EVERY DAMP AND dreary spring, I almost ache for color in the landscape. A day trip north to amble acres of blooming bulbs during this month’s Skagit Valley Tulip Festival is one way to restore my chromatic equilibrium. As a spectacle, it can’t be beat. But there’s an art to integrating bulbs into a garden if you want to avoid awkward gaps and keep the show going the rest of the year.

Avid plantsman and garden designer Richard Hartlage knows a thing or two about orchestrating color — and bulbs — in the landscape. You might have seen his house in Seattle’s Montlake neighborhood. It’s the vermillion-colored one with gingerbread details perched atop a steeply sloping entry garden that’s carpeted in crimson tulips every April. Tidy boxwood hedging outlines the spring display and provides a framework for later waves of allium and lilies that bloom companionably among the roses, valerian, yarrow and other summer perennials in the small but striking space.

Hartlage, a colorful figure himself with a penchant for making vivid wardrobe selections, is a principal with Land Morphology, the Seattle landscape design firm that put the Garden in Chihuly Garden and Glass. Located at the foot of the Space Needle, Chihuly Garden and Glass is a collection of interior gallery spaces and a soaring glass house conservatory set within a lush garden. All the spaces, indoors and out, are a showcase for the work of world-renowned glass artist Dale Chihuly.

Of course, the art is remarkable. But the garden is dazzling — especially so just now, when hundreds, thousands, even tens of thousands of bulbs are blazing among color-cued annuals and perennials alongside ornamental trees and shrubs. Secreted behind a mixed evergreen hedge, the kaleidoscopic landscape is a saturated call-and-response display of color and craftsmanship.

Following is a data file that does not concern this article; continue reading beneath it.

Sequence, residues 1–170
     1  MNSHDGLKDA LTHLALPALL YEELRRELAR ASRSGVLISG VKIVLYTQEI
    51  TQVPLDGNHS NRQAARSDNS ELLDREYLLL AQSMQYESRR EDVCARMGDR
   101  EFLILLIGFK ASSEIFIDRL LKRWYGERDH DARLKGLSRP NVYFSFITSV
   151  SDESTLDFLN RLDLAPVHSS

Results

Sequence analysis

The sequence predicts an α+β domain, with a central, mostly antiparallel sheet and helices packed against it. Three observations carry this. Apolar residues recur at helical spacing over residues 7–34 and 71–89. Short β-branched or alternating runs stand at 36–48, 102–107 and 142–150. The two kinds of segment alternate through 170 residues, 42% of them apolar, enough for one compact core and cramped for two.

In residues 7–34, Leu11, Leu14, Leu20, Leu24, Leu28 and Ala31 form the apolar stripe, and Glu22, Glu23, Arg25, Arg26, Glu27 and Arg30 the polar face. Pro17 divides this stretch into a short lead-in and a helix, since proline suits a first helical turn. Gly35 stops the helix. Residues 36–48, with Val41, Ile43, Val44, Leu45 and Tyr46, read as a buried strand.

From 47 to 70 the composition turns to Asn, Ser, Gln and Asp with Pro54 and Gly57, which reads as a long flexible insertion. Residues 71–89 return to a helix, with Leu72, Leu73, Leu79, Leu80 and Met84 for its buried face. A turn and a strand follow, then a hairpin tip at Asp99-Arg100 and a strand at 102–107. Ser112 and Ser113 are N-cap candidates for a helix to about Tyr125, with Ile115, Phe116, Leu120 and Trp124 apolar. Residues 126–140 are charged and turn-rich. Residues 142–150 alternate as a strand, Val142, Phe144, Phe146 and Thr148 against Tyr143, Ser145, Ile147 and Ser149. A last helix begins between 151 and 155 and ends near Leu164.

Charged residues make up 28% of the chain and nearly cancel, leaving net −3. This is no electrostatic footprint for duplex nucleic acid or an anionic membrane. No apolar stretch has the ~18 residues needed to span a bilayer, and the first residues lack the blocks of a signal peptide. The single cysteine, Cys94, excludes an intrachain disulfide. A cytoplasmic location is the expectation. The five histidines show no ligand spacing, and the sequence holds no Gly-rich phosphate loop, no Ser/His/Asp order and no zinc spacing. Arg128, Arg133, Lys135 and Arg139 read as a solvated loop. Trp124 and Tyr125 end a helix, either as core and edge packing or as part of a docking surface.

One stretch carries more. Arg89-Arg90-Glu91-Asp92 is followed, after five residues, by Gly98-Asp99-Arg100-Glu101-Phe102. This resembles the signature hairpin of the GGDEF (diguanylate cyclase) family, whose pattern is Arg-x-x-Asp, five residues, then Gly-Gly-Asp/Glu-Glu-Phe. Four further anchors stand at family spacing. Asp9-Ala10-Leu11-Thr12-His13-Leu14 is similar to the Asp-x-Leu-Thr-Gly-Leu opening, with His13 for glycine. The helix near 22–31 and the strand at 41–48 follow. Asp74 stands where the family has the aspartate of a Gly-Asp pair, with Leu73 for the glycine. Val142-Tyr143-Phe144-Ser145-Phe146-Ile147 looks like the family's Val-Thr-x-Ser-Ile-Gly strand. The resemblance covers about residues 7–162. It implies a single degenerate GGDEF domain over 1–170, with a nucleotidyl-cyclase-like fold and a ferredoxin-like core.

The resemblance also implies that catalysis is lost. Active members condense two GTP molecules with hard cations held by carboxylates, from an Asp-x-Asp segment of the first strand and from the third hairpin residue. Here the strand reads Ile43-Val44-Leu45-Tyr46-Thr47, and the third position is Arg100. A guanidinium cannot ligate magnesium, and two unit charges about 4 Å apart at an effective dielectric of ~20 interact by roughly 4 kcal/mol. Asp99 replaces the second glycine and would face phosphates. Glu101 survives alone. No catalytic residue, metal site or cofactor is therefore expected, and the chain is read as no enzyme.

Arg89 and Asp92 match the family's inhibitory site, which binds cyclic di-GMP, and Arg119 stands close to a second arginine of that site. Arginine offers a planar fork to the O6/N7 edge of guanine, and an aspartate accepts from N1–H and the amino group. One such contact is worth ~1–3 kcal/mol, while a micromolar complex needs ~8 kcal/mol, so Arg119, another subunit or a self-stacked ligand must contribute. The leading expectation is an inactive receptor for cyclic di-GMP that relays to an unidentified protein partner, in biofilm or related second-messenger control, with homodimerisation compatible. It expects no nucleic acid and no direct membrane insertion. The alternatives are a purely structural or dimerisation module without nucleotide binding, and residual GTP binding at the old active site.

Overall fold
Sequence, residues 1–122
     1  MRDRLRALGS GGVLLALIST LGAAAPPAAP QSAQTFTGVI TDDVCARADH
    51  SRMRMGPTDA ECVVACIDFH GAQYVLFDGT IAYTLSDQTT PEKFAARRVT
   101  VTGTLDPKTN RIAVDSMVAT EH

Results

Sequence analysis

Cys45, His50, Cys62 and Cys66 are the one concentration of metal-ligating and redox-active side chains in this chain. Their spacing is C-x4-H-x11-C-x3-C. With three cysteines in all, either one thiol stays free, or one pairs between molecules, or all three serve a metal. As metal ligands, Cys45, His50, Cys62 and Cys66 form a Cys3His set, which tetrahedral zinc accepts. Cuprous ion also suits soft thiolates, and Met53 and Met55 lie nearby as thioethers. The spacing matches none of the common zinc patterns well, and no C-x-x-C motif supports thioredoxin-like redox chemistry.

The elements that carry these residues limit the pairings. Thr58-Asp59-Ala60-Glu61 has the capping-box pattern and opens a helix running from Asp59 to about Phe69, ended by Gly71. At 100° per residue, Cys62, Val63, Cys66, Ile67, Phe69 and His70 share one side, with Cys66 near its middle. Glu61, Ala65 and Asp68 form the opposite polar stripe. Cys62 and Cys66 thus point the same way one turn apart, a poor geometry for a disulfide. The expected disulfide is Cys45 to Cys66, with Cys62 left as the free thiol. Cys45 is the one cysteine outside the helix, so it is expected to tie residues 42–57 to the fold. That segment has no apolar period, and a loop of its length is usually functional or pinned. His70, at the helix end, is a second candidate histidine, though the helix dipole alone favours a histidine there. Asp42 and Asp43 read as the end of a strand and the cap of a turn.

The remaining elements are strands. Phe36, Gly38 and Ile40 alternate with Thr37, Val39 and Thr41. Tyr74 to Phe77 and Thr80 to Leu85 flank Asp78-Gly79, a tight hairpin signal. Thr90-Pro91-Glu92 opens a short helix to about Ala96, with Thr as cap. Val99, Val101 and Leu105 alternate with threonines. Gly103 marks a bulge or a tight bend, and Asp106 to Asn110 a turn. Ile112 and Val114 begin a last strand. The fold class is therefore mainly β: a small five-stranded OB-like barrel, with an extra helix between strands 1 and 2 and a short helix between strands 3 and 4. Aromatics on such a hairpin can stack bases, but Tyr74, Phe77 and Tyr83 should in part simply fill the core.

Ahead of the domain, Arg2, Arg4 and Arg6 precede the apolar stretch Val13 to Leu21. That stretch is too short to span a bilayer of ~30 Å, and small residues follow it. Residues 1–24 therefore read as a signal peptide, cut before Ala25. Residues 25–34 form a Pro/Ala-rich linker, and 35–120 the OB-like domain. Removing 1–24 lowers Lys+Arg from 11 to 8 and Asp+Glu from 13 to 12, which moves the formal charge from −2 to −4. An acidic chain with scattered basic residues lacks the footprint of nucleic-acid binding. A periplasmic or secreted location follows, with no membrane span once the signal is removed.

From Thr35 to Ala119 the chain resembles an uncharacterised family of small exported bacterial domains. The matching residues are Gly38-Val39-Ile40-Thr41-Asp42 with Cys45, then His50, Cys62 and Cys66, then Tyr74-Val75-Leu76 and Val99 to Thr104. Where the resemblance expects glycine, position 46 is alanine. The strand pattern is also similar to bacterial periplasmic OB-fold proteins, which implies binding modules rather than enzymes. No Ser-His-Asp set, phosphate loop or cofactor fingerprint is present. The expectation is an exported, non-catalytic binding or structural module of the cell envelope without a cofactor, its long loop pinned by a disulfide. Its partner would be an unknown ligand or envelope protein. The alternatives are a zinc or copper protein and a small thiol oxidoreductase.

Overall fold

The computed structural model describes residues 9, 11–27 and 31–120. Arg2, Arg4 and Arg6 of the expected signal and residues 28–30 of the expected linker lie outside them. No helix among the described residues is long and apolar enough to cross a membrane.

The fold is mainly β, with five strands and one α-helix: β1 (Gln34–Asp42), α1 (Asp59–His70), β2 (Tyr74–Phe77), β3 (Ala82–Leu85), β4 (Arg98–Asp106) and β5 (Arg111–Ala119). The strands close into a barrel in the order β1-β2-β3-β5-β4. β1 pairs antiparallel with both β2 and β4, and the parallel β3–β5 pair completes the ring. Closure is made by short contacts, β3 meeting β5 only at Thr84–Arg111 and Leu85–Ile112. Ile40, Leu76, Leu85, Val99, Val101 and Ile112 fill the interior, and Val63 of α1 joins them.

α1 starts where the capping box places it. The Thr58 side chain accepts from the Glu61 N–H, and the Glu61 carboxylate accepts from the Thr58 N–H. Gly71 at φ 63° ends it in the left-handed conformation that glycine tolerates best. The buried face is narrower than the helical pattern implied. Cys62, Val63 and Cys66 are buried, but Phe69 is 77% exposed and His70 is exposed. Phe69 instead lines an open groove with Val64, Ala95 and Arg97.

Few of us aim to achieve the level of year-round performance that this oh-so-public garden is tasked with. Even fewer of us have the knowledgeable staff it takes to pull off the five to seven color shifts per square foot of each planting bed that Hartlage and company have plotted. But we can dream, right?

Naively, I asked Richard how he goes about creating such splendid spring displays. The short answer: He begins by planning the summer garden. Then he lavishly layers a matrix of spring- and summer-blooming bulbs in and around the primary perennials and woody plants. Carefully selected seasonal annuals provide a finishing flourish and reinforce color echoes to tie each composition together.

Yes; Richard’s approach to choreographing a landscape is bold — who paints his house to match the tulips? But his design work is rooted in a gardener’s understanding of every plant he uses, combined with an artist’s eye for color and a designer’s passion for puzzling it all together into a sweeping continuum that plays out in every passing season.

Whether you’re looking for ideas for introducing spring bulbs to your garden or simply need to top up your tank with a vibrant dose of color, a visit to Chihuly Garden and Glass is a brilliant place to begin. Ticket information is available at the website, chihulygardenandglass.com.